“We see a valid use case for mixing Drupal Gutenberg with the Drupal layout builder when you might want to create layout templates with the layout builder, and keep the actual content editing in Gutenberg,” Gretland said. “For example you could use the layout builder to define fixed byline elements for author and create date, but leave the actual content creation experience to Gutenberg.”

There are a few limitations to using the two tools together. The only way to use them on the same project is if they deal with different content types.

“Since Drupal Gutenberg takes over the whole node UI, it can have some unexpected effects when used together with Layout Builder,” Gretland said. “That doesn’t mean that they won’t ever ‘work’ together. One idea could be using the LB data structure to generate Gutenberg fixed layouts/templates and even save Gutenberg data in a structured way handled by Layout Builder.”

Gretland said his team believes Gutenberg delivers a better editing experience than Layout Builder, as it is a more mature project. However, Layout Builder stores its data in a structured way, which has its advantages and disadvantages over Gutenberg.

WebWash has a good video tutorial for Drupal users who want to learn how to configure the Gutenberg module and use it on the Page content type. It includes a walkthrough for common actions like uploading images, creating reusable blocks, and using the Gutenberg Cloud. If you want to see how Gutenberg can improve Drupal’s authoring experience without installing the module, check out the frontend demo of Drupal Gutenberg created by the team at Frontkom.

WPTavern: WP Engine Launches DevKit Open Beta

Wordpress Planet - Tue, 06/11/2019 - 20:12

Those who host or manage sites on WP Engine now have a new tool at their disposal. It’s called DevKit, developed by Chris Wiegman and Jason Stallings.

DevKit is a WordPress local development environment that includes SSH Gateway access, push and pull deployments to WP Engine, Command Line Interface commands for the Genesis theme framework and other tools.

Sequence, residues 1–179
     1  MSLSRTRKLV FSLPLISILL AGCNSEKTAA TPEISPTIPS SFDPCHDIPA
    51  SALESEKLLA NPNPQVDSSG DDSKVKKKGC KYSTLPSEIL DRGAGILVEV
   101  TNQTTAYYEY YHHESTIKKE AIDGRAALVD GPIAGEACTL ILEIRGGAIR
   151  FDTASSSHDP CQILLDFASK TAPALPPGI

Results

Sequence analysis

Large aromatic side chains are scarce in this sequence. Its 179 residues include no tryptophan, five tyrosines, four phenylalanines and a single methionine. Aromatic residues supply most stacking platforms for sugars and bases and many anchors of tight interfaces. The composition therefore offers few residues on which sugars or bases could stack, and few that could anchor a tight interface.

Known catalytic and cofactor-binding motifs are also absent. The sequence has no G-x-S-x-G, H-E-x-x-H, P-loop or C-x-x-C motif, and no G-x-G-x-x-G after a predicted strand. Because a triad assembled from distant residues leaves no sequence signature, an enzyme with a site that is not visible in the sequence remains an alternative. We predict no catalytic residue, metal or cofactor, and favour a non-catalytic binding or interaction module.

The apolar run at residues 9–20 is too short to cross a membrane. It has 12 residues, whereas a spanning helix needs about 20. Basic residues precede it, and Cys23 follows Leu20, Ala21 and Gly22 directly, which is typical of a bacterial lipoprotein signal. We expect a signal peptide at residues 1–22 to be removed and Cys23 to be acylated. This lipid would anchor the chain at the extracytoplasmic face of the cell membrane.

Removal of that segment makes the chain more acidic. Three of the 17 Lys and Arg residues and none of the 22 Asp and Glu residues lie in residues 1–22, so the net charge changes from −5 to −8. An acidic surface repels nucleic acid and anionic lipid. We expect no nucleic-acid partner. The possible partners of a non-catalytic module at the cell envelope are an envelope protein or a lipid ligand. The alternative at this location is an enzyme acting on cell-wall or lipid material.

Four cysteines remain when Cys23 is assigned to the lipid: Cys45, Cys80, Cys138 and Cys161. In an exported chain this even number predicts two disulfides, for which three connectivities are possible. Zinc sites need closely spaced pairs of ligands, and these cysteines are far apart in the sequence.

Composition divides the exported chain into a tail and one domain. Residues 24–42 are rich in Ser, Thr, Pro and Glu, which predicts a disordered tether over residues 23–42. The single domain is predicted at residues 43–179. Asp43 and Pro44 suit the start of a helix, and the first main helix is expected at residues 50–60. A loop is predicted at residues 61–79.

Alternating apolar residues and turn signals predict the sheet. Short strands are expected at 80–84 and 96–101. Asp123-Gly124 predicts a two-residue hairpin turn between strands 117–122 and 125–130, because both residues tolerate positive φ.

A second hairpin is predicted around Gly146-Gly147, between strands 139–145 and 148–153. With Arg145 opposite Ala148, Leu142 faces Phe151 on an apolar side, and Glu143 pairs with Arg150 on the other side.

Although DevKit has tight integration with WP Engine the software can be used independently of the host. With Local by Flywheel, Vagrant, XAMPP, and other tools available, Wiegman explains what motivated him to create a new solution.

“I’ve been working on the perfect WordPress developer environment since I learned about Vagrant in 2013,” he said. “As it was never my full-time job, I could never take it to the next level. DevKit gives me the power to do that.”

Stallings added, “We wanted to build a kick ass set of tools for developers building on WP Engine. That’s been our mission from the start, build something that all developers want to use (including us)!”

As what for what sets DevKit apart from the others, “I think our architecture is very different from both tools,” Stallings said.

“Similar to Docker Engine, DevKit CLI is the interface to DevKit. So when we build the GUI it will 100% complement the CLI, and the two can be used interchangeably. This will enable us to build other interfaces in the future too.”

DevKit provides the following features:

  • Container-based local development environment
  • SSH Gateway access
  • Push and pull deployments to WP Engine
  • Preview your local site with others via ngrok
  • PHP version selector
  • Email testing client
  • MySQL
  • Local SSH & WP-CLI
  • Genesis Framework WP-CLI commands
  • phpmyadmin
  • webgrind
  • Varnish
  • HTTPS Proxy
  • xdebug

Currently, DevKit’s user interface is command line only with plans to add a GUI later this year. It’s available for free and is in open beta for Mac and Linux. Those interested in participating in the open beta can sign up on the DevKit landing page.